LATEST FROM SAMOA.
[By Electric Telegraph.-—Copyright.) [Per Press Association.)
SYDNEY, June 8, The Lubeck brings news that Mr W. J. Napier, of Auckland, has, at the request of Mataafa, drafted the skeleton of a conatitu tion for Samoa.
Most of the Natives living in the vicinity of Apia are subsisting on rice, but they cannot get much of it, as it is very dear. Mr Coetlegen, the British Vice-consul, has written to the Mayor of Auckland stating that his offers of food will be very acceptable now.
The charges preferred against ViceConsul Coetlogen are that when the Germans went to attack Mataafa he showed the latter a blue light and allowed Natives to enter the consulate for protection after they had been fired at by the Germans. The Germans regard the blue light as a signal to Tamaseae r a,|or the royalist party. Consul Coetlogen replies that he only permitted wounded persons to enter the consulate.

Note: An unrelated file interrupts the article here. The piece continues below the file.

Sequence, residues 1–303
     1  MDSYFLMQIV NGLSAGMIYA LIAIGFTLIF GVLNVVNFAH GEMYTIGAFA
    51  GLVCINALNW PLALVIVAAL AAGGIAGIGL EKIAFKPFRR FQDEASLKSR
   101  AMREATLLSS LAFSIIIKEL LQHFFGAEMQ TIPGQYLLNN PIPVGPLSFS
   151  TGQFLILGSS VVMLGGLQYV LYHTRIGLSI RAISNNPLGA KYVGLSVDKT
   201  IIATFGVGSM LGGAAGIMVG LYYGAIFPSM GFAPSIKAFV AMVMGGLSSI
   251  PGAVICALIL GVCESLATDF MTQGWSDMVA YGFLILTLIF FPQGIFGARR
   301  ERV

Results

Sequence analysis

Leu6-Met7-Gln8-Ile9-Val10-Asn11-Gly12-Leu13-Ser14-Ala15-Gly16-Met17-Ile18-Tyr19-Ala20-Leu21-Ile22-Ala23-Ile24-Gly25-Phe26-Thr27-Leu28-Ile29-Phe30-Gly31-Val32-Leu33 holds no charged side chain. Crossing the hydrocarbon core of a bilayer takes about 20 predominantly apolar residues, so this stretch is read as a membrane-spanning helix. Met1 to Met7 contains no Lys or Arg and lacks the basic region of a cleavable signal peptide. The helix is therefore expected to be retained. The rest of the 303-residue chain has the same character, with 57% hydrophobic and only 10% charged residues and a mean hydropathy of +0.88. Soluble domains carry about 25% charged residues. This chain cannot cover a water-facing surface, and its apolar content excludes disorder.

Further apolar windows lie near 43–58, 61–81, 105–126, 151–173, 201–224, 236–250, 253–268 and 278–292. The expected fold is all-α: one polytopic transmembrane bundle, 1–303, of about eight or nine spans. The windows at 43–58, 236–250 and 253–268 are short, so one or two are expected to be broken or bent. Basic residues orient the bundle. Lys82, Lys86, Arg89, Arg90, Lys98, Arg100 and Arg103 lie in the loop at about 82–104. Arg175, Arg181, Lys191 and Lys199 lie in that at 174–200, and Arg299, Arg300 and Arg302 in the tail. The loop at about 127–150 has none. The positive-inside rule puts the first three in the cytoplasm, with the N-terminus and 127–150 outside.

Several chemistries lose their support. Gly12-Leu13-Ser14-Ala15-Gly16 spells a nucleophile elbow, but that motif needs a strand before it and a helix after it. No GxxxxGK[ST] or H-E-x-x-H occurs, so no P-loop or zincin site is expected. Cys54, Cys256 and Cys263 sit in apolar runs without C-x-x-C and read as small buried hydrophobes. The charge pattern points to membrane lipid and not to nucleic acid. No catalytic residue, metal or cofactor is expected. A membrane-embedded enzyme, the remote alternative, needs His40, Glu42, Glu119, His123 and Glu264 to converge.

It is believed that the U.S. warship Nipsic has gone on to Honolulu, as being safer than running the risk of encountering boisterous weather on the New Zealand coast.
Permanent link to this item
LATEST FROM SAMOA., Evening Star, Issue 7928, 8 June 1889
LATEST FROM SAMOA. Evening Star, Issue 7928, 8 June 1889
Using This Item
Allied Press Ltd is the copyright owner for the Evening Star. You can reproduce in-copyright material from this newspaper for non-commercial use under a Creative Commons New Zealand BY-NC-SA licence. This newspaper is not available for commercial use without the consent of Allied Press Ltd. For advice on reproduction of out-of-copyright material from this newspaper, please refer to the Copyright guide.